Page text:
It sounds like they're better organized up there, but I know here when we have wild fires there's really no warning system. If someone comes banging on your door to tell you it's time to go, it could very well be too late. The fires spread so fast and can change direction in a second, and with the hills and trees it can be less than a mile from your house and you not be able to tell it, depending on which direction the wind is blowing the smoke. Then you also have to worry about whether your exit route is still open or not.
The two times I've had to bug out here I didn't have time to do anything but grab my purse and my daily meds from my desk, jump in the truck and go! Luckily, I keep a BOB in the truck at all times, but I didn't have time to grab anything else. There's only one way in and out of here, which is a very rough, rocky gravel road on a hill that requires 4WD in winter and in rainy season.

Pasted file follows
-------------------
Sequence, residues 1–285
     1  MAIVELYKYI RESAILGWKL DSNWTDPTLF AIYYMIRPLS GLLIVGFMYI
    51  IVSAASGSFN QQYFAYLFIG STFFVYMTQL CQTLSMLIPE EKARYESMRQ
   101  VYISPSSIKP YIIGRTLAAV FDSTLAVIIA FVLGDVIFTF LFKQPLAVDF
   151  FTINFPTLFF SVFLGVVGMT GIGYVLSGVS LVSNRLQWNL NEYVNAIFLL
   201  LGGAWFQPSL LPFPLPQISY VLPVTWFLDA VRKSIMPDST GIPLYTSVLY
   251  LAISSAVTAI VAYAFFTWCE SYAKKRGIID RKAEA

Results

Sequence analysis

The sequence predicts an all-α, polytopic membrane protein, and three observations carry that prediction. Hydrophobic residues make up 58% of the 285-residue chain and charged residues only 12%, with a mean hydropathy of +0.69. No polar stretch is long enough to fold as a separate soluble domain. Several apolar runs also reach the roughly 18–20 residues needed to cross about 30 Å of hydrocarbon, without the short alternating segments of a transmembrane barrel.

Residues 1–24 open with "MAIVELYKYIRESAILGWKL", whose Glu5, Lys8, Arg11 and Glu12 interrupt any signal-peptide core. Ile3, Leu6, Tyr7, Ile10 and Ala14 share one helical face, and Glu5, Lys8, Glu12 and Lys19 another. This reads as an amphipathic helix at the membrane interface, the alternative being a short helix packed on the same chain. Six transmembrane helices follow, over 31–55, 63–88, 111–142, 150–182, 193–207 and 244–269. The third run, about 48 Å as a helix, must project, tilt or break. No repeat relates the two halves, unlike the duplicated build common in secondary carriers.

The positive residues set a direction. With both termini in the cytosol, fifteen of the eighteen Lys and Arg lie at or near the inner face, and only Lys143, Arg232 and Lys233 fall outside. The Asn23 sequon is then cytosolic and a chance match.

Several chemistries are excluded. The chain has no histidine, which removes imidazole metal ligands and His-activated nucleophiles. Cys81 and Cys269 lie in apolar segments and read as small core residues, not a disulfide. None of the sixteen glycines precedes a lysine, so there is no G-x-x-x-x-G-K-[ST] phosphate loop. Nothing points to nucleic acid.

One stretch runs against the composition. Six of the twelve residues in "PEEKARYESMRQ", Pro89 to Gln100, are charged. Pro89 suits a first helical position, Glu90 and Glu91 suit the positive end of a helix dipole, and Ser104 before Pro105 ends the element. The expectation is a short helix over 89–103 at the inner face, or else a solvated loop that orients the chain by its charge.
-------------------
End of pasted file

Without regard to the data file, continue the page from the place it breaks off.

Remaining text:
That article said someone spoke to them 40 minutes prior, and they said they could see a glow "off to the west". They probably thought they had time to get a few more things, but the fire sped up or switched directions, and then it was too late. It's a terrible shame, and I certainly hope no one else dies. I'll be praying for their families.
People talk about how horrible the tornadoes are here, but we have a much better warning system for them than we do for fires. When there are fires in this area, which there are just about every summer, I'm on almost constant watch outside and if I even think it's getting close I head out to my son's 25 miles away. Those two close calls were enough for me. I thought they'd have it on the emergency band scanner or a reverse 911 type warning or something, but there was nothing either of those times.
I still consider Colorado "home" and I'm still heartbroken over the thousands of acres that burned last year and now this. Don't know if I even want to go back and see the ruins.